TY - GEN

T1 - Trees for vertex cuts, hypergraph cuts and minimum hypergraph bisection

AU - Räcke, Harald

AU - Schwartz, Roy

AU - Stotz, Richard

N1 - Publisher Copyright:
© 2018 Copyright held by the owner/author(s).

PY - 2018/7/11

Y1 - 2018/7/11

N2 - In the Minimum Hypergraph Bisection problem, the vertex set of a hypergraph has to be partitioned into two parts of equal size so that the number of hyperedges intersecting both parts is minimized. This problem is a natural generalization of the well-studied Minimum Bisection problem in graphs. In this paper we present a sharp distinction between Minimum Bisection in hypergraphs and graphs. Whereas it is well-known that all bi-criteria approximation algorithms for Minimum Bisection in graphs can be extended to hypergraphs with the exact same guarantees, in this paper we prove that this is not the case when considering true (i.e., non bi-criteria) approximation algorithms. Specifically, we show that Minimum Bisection in Hypergraphs admits an Õ (n) approximation algorithm (and highlight several special cases where a better approximation ratio is possible). Additionally, we show that the problem is at least as hard as the Densest k-Subgraph problem. Assuming the Dense vs. Random Conjecture [4], no approximation ratio better than O (n1/4−ε ) is possible. In particular, Minimum Hypergraph Bisection is much harder to approximate than Minimum Bisection in graphs, for which a logarithmic approximation algorithms exist [17]. We also consider the problem of constructing trees that are cut sparsifiers for hypergraph and vertex cuts. While similar trees lie at the heart of powerful algorithms for Minimum Bisection in graphs, we prove that this is not the case for hypergraphs. We give upper and lower bounds to the quality of such trees. Our bounds show that this tree cut sparsifying approach cannot improve the general approximation ratio of Minimum Hypergraph Bisection and Minimum Vertex Bisection.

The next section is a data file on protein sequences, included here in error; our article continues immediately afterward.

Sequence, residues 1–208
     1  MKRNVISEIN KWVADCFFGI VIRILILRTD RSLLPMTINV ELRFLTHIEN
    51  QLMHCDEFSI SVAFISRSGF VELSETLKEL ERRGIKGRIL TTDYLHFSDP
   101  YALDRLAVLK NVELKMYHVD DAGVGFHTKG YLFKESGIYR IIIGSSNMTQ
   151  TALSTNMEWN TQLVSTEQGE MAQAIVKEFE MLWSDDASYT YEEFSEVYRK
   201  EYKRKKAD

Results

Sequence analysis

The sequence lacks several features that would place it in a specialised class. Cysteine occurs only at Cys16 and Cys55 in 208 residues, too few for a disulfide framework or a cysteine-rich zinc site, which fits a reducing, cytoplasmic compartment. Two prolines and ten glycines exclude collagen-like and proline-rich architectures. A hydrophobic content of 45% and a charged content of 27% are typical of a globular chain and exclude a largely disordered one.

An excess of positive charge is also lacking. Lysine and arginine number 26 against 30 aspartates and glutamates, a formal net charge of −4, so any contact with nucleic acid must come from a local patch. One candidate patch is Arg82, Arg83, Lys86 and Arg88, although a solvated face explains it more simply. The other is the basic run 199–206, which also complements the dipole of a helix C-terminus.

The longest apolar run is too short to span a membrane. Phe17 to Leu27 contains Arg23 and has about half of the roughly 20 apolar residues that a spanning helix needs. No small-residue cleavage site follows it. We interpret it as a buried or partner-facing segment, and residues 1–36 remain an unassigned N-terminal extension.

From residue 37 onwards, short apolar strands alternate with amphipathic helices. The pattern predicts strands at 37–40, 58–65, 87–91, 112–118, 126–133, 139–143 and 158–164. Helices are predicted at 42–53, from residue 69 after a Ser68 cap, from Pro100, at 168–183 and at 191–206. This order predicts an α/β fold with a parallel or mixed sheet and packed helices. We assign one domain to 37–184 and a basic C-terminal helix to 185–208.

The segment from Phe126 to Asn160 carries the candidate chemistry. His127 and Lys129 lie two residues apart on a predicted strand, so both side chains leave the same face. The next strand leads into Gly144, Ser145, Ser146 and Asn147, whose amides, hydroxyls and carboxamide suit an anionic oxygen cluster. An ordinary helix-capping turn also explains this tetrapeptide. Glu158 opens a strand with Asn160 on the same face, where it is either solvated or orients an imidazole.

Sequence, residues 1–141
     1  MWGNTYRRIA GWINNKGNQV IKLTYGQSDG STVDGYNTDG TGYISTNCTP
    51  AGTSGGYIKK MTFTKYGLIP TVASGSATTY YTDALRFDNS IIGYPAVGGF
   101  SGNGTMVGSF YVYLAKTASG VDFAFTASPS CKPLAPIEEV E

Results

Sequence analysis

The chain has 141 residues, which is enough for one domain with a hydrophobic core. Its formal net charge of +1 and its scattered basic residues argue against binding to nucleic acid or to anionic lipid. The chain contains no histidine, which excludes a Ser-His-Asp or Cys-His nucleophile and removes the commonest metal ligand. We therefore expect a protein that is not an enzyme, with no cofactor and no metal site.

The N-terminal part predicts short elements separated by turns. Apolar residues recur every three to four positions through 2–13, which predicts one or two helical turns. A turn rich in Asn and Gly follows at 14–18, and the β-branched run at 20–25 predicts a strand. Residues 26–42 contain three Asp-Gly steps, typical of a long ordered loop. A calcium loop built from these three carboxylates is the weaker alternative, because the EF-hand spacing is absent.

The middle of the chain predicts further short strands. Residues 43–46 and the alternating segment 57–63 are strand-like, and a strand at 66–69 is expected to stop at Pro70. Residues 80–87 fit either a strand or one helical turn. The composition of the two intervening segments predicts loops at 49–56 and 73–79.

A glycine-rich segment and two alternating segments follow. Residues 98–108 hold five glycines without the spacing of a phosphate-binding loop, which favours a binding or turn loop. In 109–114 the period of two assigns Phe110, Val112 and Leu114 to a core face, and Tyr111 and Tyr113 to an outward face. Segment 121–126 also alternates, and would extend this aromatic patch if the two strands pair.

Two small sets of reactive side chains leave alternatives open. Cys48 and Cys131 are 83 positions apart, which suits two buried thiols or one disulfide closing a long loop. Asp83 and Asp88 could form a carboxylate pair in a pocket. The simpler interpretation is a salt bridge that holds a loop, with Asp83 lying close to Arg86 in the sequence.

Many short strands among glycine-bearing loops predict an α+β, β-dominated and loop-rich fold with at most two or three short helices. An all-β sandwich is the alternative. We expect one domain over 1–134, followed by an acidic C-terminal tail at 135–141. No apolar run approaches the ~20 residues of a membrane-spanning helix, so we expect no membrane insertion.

AB - In the Minimum Hypergraph Bisection problem, the vertex set of a hypergraph has to be partitioned into two parts of equal size so that the number of hyperedges intersecting both parts is minimized. This problem is a natural generalization of the well-studied Minimum Bisection problem in graphs. In this paper we present a sharp distinction between Minimum Bisection in hypergraphs and graphs. Whereas it is well-known that all bi-criteria approximation algorithms for Minimum Bisection in graphs can be extended to hypergraphs with the exact same guarantees, in this paper we prove that this is not the case when considering true (i.e., non bi-criteria) approximation algorithms. Specifically, we show that Minimum Bisection in Hypergraphs admits an Õ (n) approximation algorithm (and highlight several special cases where a better approximation ratio is possible). Additionally, we show that the problem is at least as hard as the Densest k-Subgraph problem. Assuming the Dense vs. Random Conjecture [4], no approximation ratio better than O (n1/4−ε ) is possible. In particular, Minimum Hypergraph Bisection is much harder to approximate than Minimum Bisection in graphs, for which a logarithmic approximation algorithms exist [17]. We also consider the problem of constructing trees that are cut sparsifiers for hypergraph and vertex cuts. While similar trees lie at the heart of powerful algorithms for Minimum Bisection in graphs, we prove that this is not the case for hypergraphs. We give upper and lower bounds to the quality of such trees. Our bounds show that this tree cut sparsifying approach cannot improve the general approximation ratio of Minimum Hypergraph Bisection and Minimum Vertex Bisection.

UR - http://www.scopus.com/inward/record.url?scp=85051136575&partnerID=8YFLogxK

U2 - 10.1145/3210377.3210398

DO - 10.1145/3210377.3210398

M3 - Conference contribution

AN - SCOPUS:85051136575

T3 - Annual ACM Symposium on Parallelism in Algorithms and Architectures

SP - 23

EP - 32

BT - SPAA 2018 - Proceedings of the 30th ACM Symposium on Parallelism in Algorithms and Architectures

PB - Association for Computing Machinery

T2 - 30th ACM Symposium on Parallelism in Algorithms and Architectures, SPAA 2018

Y2 - 16 July 2018 through 18 July 2018

ER -